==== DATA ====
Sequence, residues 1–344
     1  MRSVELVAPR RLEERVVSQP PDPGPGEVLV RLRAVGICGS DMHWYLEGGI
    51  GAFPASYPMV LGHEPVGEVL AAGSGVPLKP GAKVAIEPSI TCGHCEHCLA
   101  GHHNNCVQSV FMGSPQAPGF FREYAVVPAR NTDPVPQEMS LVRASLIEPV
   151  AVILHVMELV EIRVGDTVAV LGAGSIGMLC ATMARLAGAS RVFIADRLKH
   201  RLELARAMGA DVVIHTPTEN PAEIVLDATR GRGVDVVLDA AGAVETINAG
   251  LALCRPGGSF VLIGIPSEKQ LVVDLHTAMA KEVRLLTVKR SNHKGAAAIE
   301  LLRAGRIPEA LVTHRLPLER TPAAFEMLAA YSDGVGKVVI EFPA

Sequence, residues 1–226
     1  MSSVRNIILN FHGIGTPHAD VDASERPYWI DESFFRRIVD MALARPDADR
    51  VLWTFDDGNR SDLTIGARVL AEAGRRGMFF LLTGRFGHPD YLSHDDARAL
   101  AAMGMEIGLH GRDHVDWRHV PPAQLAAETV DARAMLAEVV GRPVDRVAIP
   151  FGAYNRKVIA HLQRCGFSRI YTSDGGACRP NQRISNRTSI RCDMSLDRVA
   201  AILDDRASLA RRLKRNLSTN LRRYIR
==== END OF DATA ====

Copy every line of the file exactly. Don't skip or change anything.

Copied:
Sequence, residues 1–344
     1  MRSVELVAPR RLEERVVSQP PDPGPGEVLV RLRAVGICGS DMHWYLEGGI
    51  GAFPASYPMV LGHEPVGEVL AAGSGVPLKP GAKVAIEPSI TCGHCEHCLA
   101  GHHNNCVQSV FMGSPQAPGF FREYAVVPAR NTDPVPQEMS LVRASLIEPV
   151  AVILHVMELV EIRVGDTVAV LGAGSIGMLC ATMARLAGAS RVFIADRLKH
   201  RLELARAMGA DVVIHTPTEN PAEIVLDATR GRGVDVVLDA AGAVETINAG
   251  LALCRPGGSF VLIGIPSEKQ LVVDLHTAMA KEVRLLTVKR SNHKGAAAIE
   301  LLRAGRIPEA LVTHRLPLER TPAAFEMLAA YSDGVGKVVI EFPA

Sequence, residues 1–226
     1  MSSVRNIILN FHGIGTPHAD VDASERPYWI DESFFRRIVD MALARPDADR
    51  VLWTFDDGNR SDLTIGARVL AEAGRRGMFF LLTGRFGHPD YLSHDDARAL
   101  AAMGMEIGLH GRDHVDWRHV PPAQLAAETV DARAMLAEVV GRPVDRVAIP
   151  FGAYNRKVIA HLQRCGFSRI YTSDGGACRP NQRISNRTSI RCDMSLDRVA
   201  AILDDRASLA RRLKRNLSTN LRRYIR